On my very first night cycling the world, with 65 pounds of luggage hanging from my bicycle, I realized I had forgotten to pack a lighter. I sat outside my tent in darkness, striking two pebbles together without success. Crawling into my sleeping bag that night, I was hungry and disappointed, knowing a real adventurer would have found a way to light her stove and cook dinner.
Five months later and pedaling across my tenth country, Turkey, I still yearned for the day I’d resemble an adventurer, but to date, I’d had too many hysterical moments involving spiders, slugs, and imaginary monsters to count myself as the real deal. Each night I wild camped, and every sunset brought along with it my three biggest fears: one, that human beings would find me and murder me; two, that animals would find me and eat me; and three, that a combine harvester wouldn’t see my tent and I’d be combine-harvested up.
I’d wanted to build a campfire many times along the way, but visions of burning down whole forests had stopped me. Today I was about 125 miles past Istanbul, cycling a quiet coastal road along the Sea of Marmara. The empty winter beaches scattered with driftwood were inspiring me once more, and I decided that tonight, yes, I would build the first campfire of my trip. I smiled—one step closer to being a real adventurer!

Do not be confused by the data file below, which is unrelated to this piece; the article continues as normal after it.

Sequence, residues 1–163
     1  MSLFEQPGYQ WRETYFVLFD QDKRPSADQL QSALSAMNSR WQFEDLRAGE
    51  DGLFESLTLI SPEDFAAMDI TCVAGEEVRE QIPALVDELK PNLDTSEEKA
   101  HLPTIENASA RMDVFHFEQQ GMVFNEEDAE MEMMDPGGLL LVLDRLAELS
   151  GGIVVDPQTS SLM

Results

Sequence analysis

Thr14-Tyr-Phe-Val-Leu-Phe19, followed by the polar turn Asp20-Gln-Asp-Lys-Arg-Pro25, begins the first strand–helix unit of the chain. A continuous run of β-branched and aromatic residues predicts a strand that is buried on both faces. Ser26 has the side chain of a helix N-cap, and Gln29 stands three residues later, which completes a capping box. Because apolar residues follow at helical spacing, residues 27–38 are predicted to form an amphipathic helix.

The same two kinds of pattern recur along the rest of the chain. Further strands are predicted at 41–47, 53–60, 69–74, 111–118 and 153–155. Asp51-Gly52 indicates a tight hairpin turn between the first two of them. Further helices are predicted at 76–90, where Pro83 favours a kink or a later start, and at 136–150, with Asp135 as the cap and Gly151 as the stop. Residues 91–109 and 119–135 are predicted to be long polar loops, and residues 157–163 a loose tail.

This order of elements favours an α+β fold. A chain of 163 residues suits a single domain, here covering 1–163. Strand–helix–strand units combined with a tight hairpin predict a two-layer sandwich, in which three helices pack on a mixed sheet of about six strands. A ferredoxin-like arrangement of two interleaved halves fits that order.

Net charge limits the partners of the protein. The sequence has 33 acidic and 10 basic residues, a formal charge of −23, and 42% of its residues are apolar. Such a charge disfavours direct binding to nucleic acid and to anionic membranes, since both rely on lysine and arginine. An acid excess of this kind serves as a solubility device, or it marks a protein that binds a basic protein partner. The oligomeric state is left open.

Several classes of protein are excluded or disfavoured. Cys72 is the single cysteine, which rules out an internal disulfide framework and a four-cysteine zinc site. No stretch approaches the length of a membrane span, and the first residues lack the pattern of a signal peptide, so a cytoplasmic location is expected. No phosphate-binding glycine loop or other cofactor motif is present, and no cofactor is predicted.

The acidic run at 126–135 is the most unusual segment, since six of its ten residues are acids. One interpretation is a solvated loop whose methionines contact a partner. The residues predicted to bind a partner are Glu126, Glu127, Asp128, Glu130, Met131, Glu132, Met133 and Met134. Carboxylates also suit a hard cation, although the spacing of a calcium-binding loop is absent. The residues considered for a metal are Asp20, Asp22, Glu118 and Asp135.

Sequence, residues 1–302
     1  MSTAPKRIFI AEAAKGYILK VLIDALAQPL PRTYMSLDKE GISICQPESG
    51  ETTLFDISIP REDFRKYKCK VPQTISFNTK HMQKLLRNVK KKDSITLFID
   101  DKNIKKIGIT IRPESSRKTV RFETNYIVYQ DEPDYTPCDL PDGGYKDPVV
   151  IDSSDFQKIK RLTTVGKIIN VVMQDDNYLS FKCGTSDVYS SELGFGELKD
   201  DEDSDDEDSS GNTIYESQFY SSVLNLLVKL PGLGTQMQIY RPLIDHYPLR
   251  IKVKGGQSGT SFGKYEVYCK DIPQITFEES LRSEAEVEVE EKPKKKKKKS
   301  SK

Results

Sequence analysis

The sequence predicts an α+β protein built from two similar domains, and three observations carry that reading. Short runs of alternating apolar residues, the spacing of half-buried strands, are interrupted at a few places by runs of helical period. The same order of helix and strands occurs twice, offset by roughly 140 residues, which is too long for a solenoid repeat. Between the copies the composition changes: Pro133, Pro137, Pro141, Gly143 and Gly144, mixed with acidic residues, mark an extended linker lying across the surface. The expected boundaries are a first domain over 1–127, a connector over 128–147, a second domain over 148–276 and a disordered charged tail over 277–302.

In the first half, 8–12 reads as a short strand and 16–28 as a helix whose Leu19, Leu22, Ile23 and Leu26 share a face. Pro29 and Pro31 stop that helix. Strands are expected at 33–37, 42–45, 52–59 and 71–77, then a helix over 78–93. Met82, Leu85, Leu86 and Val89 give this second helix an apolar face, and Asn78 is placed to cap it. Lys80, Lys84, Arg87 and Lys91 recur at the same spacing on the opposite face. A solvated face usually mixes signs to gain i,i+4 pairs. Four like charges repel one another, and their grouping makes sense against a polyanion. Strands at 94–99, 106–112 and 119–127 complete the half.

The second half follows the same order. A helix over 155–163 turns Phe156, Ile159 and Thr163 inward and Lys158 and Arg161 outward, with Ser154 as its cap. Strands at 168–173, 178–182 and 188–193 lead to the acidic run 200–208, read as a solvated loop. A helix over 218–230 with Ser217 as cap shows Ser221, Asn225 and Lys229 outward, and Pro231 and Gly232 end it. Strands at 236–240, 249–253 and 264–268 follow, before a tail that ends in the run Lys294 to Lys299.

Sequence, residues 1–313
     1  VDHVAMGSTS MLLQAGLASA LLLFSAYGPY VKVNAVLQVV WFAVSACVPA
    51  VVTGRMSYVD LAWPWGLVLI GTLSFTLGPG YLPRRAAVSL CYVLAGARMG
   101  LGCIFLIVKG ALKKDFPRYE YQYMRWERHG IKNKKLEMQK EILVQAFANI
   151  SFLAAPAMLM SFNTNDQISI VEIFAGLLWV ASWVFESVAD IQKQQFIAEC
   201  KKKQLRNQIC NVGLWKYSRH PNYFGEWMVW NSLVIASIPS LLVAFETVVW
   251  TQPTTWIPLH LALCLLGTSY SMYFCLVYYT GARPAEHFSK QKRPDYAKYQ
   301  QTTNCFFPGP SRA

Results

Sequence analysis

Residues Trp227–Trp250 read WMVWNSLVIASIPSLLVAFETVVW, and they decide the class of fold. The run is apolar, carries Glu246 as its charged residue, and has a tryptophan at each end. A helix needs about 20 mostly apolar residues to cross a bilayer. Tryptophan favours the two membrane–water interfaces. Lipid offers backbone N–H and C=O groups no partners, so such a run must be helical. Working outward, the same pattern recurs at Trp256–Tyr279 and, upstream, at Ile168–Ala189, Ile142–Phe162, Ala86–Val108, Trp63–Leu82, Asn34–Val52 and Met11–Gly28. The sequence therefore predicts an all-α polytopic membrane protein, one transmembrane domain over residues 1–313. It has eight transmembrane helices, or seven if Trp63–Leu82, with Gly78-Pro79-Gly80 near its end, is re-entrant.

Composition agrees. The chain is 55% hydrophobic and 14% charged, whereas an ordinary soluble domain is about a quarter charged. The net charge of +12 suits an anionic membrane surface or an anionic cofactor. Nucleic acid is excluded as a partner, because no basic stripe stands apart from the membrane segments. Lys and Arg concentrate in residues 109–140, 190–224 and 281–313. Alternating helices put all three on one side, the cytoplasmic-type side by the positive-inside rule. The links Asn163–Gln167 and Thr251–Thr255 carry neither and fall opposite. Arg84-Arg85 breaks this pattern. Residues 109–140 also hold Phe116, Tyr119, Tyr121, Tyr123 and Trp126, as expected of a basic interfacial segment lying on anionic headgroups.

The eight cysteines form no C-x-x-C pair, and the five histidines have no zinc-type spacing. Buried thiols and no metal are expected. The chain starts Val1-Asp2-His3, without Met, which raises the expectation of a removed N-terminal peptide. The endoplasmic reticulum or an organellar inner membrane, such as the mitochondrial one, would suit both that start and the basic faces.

It was late afternoon as I turned down a road to my right, leading me through a cluster of wooden houses and toward a beach. I stopped at a small village shop, dusty and packed full of everything you could possibly need, from DIY to cans of fruit; everything but customers.
Money was tight, and I deliberated greatly before buying an onion. I would cook that with tonight’s pasta, adding my remaining garlic to give it more taste. Only last week I had been down to my last twenty quid, but a Scottish company, Intelligent Data Group, saw my Facebook post declaring my plan to dumpster dive and donated some cash to keep me going. I knew the less I spent of it, the more days ahead I could eat. This struggle was nothing new. I had always travelled on a shoestring budget. I figured not having money was a small inconvenience for the priceless experiences that traveling by bicycle brought.
I arrived at the beach, empty but for a few dogs in the distance. The winter-gray sea and boarded-up tourist beach huts gave it an abandoned, derelict look. Although it was perfect for building a campfire, I had an uneasy feeling I could not shake. As a woman cycling the world on my own, I obeyed my instincts. Disappointed, I turned back to cycle the way I’d come, with intentions of trying the next beach along the way.